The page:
Found two boxes of Jello in my pantry. One was opened and partially used(because I sometimes use a teaspoon or two of the dry Jello to make my icings). Decided to go with it anyway. We made a pan of green Jello and a smaller one of the red Jello. I look at Jello as comfort food because it brings back many memories of my childhood. My mother made Jello so often, in many different ways. I never make Jello without thinking of her. Since she lives downstairs, we had her come and see what we made.
Today, I was also thinking and praying for one of my very dear friends. She is facing her second round of Chemotherapy and my heart hurts for her. Somehow, praying and making Jello seemed to help. I prayed that she wouldn't get as sick as the last time she went through it.
As you can see my two helpers were eager to get started. I love their enthusiasm.
Yes, they were allowed to sit on my large kitchen island for this class. We took my old glass ice cream parfaits and one filled with the green Jello, then I added the Cool Whip, then the other one added the red. Back and forth we went, they both took the chore seriously. I explained that green and red were Christmas colors and that we were creating a dessert that would be perfect for the holiday season.
I was surprised how far one and a half boxes of Jello went in making the dessert.
Time for the sprinkles. My mother always taught me that people eat with their eyes first and then they taste. She said, "make sure it looks appealing to others".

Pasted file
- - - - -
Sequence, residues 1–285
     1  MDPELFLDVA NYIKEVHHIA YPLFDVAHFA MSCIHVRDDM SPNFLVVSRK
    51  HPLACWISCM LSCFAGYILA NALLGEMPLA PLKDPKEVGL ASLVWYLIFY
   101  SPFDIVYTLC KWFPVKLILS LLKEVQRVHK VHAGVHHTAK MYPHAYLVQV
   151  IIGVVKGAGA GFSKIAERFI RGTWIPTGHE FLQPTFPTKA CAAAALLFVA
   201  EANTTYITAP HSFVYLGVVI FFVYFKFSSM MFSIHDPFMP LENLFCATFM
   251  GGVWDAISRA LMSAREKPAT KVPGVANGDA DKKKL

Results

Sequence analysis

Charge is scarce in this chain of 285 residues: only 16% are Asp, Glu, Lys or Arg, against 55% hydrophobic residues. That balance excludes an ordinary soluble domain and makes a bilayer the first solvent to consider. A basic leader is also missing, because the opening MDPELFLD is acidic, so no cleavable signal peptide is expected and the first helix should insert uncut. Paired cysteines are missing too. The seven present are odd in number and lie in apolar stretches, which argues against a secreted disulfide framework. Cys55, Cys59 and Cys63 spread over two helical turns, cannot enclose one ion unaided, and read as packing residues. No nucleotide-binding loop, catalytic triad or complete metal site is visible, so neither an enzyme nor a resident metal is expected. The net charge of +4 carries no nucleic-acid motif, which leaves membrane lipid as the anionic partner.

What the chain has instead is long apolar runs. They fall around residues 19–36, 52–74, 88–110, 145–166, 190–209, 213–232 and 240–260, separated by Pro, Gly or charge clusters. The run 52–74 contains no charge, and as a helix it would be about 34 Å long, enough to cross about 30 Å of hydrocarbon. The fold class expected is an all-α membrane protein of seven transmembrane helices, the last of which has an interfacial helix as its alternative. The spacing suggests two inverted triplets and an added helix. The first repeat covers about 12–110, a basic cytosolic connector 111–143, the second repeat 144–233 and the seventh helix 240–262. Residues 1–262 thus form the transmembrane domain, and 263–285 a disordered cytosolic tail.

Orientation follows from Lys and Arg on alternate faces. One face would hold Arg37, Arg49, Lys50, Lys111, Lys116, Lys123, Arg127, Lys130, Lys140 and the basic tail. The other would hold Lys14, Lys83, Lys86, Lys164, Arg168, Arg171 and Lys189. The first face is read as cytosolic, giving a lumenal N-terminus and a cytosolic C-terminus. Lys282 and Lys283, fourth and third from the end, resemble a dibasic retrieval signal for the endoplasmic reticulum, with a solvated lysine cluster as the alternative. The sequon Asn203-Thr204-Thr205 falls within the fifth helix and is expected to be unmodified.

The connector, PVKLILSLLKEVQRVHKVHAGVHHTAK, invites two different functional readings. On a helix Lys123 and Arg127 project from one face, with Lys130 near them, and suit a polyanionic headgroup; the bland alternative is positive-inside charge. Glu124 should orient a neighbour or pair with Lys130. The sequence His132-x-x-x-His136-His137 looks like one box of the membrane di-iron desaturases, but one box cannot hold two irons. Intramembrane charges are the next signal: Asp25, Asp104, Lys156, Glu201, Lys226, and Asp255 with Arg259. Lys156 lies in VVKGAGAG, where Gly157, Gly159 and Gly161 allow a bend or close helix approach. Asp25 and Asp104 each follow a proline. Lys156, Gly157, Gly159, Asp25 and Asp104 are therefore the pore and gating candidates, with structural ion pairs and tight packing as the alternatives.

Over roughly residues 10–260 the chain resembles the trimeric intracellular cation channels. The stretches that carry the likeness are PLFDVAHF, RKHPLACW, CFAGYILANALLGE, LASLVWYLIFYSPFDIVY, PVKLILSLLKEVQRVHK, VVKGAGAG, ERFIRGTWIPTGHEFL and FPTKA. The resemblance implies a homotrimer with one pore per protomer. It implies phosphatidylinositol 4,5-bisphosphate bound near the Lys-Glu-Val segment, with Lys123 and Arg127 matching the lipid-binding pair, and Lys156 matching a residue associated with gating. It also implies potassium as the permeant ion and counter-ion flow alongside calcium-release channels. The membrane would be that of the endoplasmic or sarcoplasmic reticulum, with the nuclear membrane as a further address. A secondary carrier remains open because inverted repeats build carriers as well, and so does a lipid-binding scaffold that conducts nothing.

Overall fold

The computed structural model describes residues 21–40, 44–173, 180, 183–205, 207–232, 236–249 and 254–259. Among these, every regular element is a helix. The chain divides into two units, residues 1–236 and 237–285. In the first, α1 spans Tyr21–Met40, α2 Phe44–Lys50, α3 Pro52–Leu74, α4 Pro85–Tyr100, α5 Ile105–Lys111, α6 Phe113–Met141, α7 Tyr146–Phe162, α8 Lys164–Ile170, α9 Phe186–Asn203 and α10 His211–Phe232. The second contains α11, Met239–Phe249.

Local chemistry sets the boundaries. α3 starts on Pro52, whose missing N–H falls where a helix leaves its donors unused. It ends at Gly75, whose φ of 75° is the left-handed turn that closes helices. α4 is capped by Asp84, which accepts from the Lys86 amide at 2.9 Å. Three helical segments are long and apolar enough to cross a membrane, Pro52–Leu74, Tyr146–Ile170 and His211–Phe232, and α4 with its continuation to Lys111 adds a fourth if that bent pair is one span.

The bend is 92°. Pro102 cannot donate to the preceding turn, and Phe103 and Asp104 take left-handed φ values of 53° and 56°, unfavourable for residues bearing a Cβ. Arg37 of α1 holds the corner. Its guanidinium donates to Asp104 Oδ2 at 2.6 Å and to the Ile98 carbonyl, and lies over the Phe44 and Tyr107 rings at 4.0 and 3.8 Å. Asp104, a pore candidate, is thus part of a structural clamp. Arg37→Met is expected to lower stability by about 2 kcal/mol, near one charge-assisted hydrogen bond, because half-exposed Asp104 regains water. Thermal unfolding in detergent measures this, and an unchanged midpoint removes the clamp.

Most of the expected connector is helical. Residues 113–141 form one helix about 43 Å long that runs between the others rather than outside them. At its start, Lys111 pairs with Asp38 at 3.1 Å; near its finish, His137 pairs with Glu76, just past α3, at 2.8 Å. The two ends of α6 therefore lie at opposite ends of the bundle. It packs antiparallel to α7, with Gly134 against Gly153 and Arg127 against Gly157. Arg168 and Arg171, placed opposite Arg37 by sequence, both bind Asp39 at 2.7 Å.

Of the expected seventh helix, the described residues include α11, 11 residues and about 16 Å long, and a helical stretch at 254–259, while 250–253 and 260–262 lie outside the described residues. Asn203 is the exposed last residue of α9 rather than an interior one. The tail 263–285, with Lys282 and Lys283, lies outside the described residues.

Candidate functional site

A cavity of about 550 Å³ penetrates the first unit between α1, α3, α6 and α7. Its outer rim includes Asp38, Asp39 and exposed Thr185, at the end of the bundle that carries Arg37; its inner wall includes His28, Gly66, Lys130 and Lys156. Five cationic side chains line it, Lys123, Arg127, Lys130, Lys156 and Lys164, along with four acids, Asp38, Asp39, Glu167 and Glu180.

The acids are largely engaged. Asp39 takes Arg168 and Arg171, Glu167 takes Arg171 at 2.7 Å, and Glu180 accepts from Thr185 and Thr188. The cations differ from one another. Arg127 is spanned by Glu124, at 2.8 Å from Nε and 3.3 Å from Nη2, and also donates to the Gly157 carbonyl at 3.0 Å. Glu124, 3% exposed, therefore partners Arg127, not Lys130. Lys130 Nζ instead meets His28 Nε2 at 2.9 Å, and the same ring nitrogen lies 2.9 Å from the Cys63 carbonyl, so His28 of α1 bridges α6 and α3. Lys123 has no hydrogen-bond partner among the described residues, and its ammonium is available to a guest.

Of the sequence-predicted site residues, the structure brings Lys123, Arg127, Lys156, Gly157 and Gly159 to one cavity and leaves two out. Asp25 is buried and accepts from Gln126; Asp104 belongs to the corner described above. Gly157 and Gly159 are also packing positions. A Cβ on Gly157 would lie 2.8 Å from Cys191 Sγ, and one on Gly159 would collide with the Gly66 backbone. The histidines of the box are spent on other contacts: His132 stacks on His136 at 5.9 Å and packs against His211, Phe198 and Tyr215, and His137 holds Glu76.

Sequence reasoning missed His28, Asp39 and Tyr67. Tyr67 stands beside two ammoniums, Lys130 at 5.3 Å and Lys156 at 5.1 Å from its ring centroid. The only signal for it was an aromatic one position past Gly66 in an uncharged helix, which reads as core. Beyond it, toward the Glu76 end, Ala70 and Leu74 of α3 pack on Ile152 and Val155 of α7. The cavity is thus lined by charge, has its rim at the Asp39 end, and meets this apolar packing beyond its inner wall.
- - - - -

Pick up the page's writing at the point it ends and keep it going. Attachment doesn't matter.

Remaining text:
I would say these two received another lesson on this today. They were so pleased with their finished project. Aside from accidently dropping the small container of sprinkles, it was a fun afternoon. You can only imagine the cleanup involved in 5000 sprinkles all over one's kitchen floor:)
They can't wait to surprise their Pawpaw this evening, when they serve this to everyone for dessert.
What do you think about our simple project?
Do you think our dessert has eye appeal?
"Frank Woodward, a school dropout and, who by the age of 20 had his own business, bought the rights to Jell-O for $ 450. Among the products Woodward marketed were several patent medicines, Raccoon Corn Plasters, and a roasted coffee substitute called Grain-O. Sales were slow, so Woodward offered to sell the rights to Jell-O to his plant superintendent for $ 35. However, before the final sale, intensive advertising paid off. By 1906, sales reached $ 1 million. Woodward's Genesee Pure Food Company was renamed Jell-O Company in 1923, and later merged with Postum Cereal to become the General Foods Corporation."
~The History of Jello ~ About.com.
How is that for some interesting trivia?
So you see Jello has been around for a long, long time.
Today, we had fun making it again.
Thanks for stopping by.